United States, Department of the Treasury, Internal Revenue Service, Austin Service Center (Agency) and National Treasury Employees Union, Chapter 72 (Union)
[ v58 p546 ]
58 FLRA No. 132
DEPARTMENT OF THE TREASURY
INTERNAL REVENUE SERVICE
AUSTIN SERVICE CENTER
NATIONAL TREASURY EMPLOYEES UNION
May 16, 2003
Before the Authority: Dale Cabaniss, Chairman, and
Carol Waller Pope and Tony Armendariz, Members
I. Statement of the Case
This matter is before the Authority on exceptions to an award of Arbitrator Don B. Hays filed by the Agency under § 7122(a) of the Federal Service Labor-Management Relations Statute (the Statute) and part 2425 of the Authority's Regulations. The Union filed an opposition to the Agency's exceptions.
The Arbitrator found that the Agency violated the Rehabilitation Act (the Act), 29 U.S.C. § 791, et seq, by, among other things, failing to reasonably accommodate the grievant's disability. To remedy the violation, the Arbitrator ordered the Agency to, among other things, restore the grievant's sick leave and reimburse her for any pay loss. We conclude, for the following reasons, that the award is deficient, and we set aside the award.
II. Background and Arbitrator's Award
The grievant, a tax examiner for the IRS, developed carpal tunnel syndrome, a condition which limited the grievant's ability to perform keyboarding duties. The grievant provided management with a letter from her doctor explaining her condition and requested reassignment to another unit. The grievant also requested that her keyboarding duties be reduced or eliminated until she could be reassigned. When the Agency did not respond to the grievant's request, a grievance was filed. Unresolved, the grievance was submitted to arbitration on these stipulated issues:
1. Whether the [A]gency violated the contract and/or the Rehabilitation Act in its response to the [grievant's] request for accommodation of her disability, bilateral carpal tunnel syndrome?
2.If so . . . what is the appropriate remedy?
Award at 1.
The Arbitrator found that, after the grievance was filed, management met with the grievant and reduced her workload by 50 cases per week, pending a final decision on the reassignment request. According to the Arbitrator, the Agency also required the grievant to submit a medical questionnaire. The Arbitrator found that the medical information that the Agency received from the grievant's doctor appeared to preclude the grievant from working, and that the Agency, thereafter, placed the grievant on involuntary, advanced sick leave. The Arbitrator found that the grievant subsequently returned to her position, where her workload had been reduced by 50 cases, because her doctor released her to do so.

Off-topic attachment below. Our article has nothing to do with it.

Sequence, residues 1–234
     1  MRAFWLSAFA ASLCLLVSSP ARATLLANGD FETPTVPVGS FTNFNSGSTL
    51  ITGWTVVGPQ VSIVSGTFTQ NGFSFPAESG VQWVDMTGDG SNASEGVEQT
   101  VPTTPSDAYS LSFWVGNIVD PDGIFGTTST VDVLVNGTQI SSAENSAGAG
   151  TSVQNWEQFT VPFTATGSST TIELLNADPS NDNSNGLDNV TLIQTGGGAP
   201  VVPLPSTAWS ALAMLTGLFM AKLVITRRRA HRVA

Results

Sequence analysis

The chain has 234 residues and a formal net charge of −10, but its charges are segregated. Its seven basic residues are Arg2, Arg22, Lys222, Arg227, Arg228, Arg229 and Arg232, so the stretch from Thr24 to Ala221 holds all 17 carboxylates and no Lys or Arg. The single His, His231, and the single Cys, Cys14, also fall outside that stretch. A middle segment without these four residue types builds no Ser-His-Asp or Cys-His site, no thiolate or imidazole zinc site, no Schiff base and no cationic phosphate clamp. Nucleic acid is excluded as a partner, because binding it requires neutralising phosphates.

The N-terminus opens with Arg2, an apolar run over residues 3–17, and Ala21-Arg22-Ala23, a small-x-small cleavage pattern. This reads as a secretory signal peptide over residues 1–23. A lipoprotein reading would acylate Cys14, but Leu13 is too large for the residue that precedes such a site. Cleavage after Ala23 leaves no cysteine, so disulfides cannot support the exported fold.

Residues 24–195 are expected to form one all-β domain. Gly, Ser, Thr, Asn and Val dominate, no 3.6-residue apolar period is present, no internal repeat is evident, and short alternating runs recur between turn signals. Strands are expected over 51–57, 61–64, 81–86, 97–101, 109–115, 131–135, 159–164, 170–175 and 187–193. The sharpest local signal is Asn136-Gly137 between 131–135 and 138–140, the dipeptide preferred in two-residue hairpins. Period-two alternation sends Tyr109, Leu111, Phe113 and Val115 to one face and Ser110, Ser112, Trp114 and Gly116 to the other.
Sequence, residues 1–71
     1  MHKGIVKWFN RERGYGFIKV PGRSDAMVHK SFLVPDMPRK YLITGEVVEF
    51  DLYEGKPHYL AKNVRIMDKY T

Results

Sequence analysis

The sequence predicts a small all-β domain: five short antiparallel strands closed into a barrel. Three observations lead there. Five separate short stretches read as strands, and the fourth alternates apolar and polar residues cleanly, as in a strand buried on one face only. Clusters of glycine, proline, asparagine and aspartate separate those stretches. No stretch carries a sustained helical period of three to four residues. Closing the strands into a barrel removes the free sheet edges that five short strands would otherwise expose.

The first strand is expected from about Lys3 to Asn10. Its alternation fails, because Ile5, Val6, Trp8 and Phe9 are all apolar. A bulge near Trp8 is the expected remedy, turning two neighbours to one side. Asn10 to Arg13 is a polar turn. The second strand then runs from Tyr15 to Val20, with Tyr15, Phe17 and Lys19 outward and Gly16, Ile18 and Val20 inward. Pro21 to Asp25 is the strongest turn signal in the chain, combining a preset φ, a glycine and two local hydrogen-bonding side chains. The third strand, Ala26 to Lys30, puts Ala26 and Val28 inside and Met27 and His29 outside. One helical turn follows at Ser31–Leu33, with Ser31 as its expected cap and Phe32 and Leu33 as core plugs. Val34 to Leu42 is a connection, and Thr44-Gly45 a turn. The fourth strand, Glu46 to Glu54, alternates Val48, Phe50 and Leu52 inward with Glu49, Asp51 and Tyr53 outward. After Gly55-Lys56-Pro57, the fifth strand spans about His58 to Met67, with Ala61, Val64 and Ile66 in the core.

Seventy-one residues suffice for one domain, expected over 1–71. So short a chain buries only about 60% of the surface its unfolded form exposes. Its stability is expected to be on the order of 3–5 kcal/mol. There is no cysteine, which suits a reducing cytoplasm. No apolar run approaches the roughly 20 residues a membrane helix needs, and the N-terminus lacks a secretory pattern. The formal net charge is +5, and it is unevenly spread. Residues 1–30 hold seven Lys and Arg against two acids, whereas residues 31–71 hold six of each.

At the hearing, the parties stipulated that the grievant was a qualified individual with a disability. [n1] Therefore, noting that the standards of the Americans With Disabilities Act (the ADA), 42 U.S.C.. § 12101, et seq., were applicable, the Arbitrator found that the only issue in dispute was whether the Agency provided the grievant a reasonable accommodation as required by law.
The Arbitrator found that the Agency did not violate the Act by failing to reassign the grievant as requested because there were no vacancies in the unit to which the grievant sought reassignment. See id. at 33. Nevertheless, the Arbitrator found that the Agency did violate the Act by not accommodating the grievant in accordance with her doctor's recommendation. According to the Arbitrator, the doctor recommended that the Agency "continue to explore for an accommodation [that] would more realistically address [the grievant's] recurring problem . . . ." Id. at 32.
The Arbitrator concluded that the Agency did not act in good faith during the "interactive process" [n2] because the Agency did not "immediately" respond to [ v58 p547 ] the grievant's request for accommodation. Id. According to the Arbitrator, the grievant "could easily have been timely accommodated through a more meaningful and ongoing interactive dialogue . . . ." Id. Consequently, the Arbitrator found that the Agency should not have placed the grievant on advanced sick leave without jointly exploring all other available options.